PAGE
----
SelfInformed

May 2016


How Long Should I Keep my Tax Records

Friday, May 27, 2016



Q:
 How long should I keep my tax records and what is the best way to secure them?

A: We have all heard about the paperless society that the world is moving toward, but unfortunately the IRS is not yet on board with that process. Your tax return still today can be best supported with a stack of paper.  How long to keep that stack of paper can be confusing. The IRS can examine your tax returns for up to three years from the date you actually file the return. So if you file your 2015 federal income tax return on April 15th of 2016, the IRS can choose to examine that return at any time through April of 2019. However, if you filed an extension and ultimately file your return on October 15th, then the IRS will have until October 15th of 2019 to ask questions about your 2015 tax return. 

From a technical standpoint, you should keep your tax records and related support for three years, but if you can keep those records for four years, then you will never need to remember if you filed on April 15th or October 15th.  Therefore, tax records for 2015 should be retained through 2019, and 2016 records should be maintained through 2020 and so on.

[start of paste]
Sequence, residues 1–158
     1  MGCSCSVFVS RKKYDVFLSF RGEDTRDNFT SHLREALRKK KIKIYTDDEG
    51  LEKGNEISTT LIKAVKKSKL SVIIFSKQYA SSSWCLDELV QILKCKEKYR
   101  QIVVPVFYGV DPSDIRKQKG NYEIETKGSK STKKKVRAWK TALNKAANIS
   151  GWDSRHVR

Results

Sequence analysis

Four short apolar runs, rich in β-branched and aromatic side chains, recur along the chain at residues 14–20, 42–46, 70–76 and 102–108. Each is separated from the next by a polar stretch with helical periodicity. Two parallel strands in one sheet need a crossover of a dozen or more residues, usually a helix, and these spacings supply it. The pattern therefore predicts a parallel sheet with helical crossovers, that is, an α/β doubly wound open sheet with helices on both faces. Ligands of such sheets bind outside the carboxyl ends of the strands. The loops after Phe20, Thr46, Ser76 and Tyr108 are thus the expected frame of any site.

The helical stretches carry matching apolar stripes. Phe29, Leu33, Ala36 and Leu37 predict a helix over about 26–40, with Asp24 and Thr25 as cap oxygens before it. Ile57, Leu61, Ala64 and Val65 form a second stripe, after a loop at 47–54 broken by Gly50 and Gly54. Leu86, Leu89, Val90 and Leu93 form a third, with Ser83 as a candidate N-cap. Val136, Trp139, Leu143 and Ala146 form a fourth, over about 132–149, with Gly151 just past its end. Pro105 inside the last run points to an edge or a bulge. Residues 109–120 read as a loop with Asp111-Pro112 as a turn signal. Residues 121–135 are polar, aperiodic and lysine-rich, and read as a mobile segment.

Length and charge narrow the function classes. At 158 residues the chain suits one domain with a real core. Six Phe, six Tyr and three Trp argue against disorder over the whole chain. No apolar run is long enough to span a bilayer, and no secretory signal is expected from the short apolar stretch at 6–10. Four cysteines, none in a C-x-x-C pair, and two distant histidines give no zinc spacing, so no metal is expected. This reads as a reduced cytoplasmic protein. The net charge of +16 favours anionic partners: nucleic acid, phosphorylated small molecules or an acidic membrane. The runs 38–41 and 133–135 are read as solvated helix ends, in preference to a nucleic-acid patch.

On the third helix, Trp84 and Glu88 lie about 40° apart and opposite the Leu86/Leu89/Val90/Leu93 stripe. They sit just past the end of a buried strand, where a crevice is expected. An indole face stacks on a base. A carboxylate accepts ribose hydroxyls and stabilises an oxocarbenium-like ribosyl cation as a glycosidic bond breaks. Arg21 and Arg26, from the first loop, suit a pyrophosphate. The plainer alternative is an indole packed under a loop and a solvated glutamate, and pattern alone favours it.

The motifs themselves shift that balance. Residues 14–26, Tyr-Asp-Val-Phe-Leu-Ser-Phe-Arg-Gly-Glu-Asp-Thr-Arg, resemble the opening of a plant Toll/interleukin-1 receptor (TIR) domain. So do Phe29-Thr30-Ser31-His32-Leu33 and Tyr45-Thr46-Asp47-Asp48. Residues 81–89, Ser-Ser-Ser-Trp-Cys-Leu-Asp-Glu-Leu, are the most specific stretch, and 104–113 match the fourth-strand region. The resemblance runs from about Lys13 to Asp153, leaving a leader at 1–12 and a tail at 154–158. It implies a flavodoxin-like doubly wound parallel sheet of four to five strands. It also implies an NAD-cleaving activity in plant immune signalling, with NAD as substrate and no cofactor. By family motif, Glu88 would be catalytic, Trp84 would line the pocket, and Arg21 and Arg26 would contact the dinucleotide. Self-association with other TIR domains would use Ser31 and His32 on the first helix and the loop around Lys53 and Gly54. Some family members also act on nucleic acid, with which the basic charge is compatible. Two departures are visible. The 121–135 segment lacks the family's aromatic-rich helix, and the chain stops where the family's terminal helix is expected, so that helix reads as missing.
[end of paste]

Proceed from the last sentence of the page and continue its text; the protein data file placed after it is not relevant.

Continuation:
It is certainly a good idea to convert the actual paper into some electronic form of filing system, but not required. If you can scan your personal stack of paper and save a digital copy of the records in addition to the actual paper, you may very well avoid the angst of water damage or other destruction of the paper and might also enable actually locating the detail two years from now when the IRS does decide to send you that letter asking for more information. As always, and for many reasons, it is also a great idea to make sure you have committed to maintaining a separate bank account for your business. By making sure all of your activity related to the business runs through that dedicated business bank account, your bank will now also have a digital copy of a vast majority of all of your support. Even if your system of retention fails, your bank will still maintain the detail of your transactions. So if you haven’t done it yet, go down to your bank on open that separate bank account. If something happens to your records, you will be glad you did.

As always, don’t forget that you are not alone. Bookmark our website at NASE.org as well as the IRS website at IRS.gov you will always be able to find the help you need.

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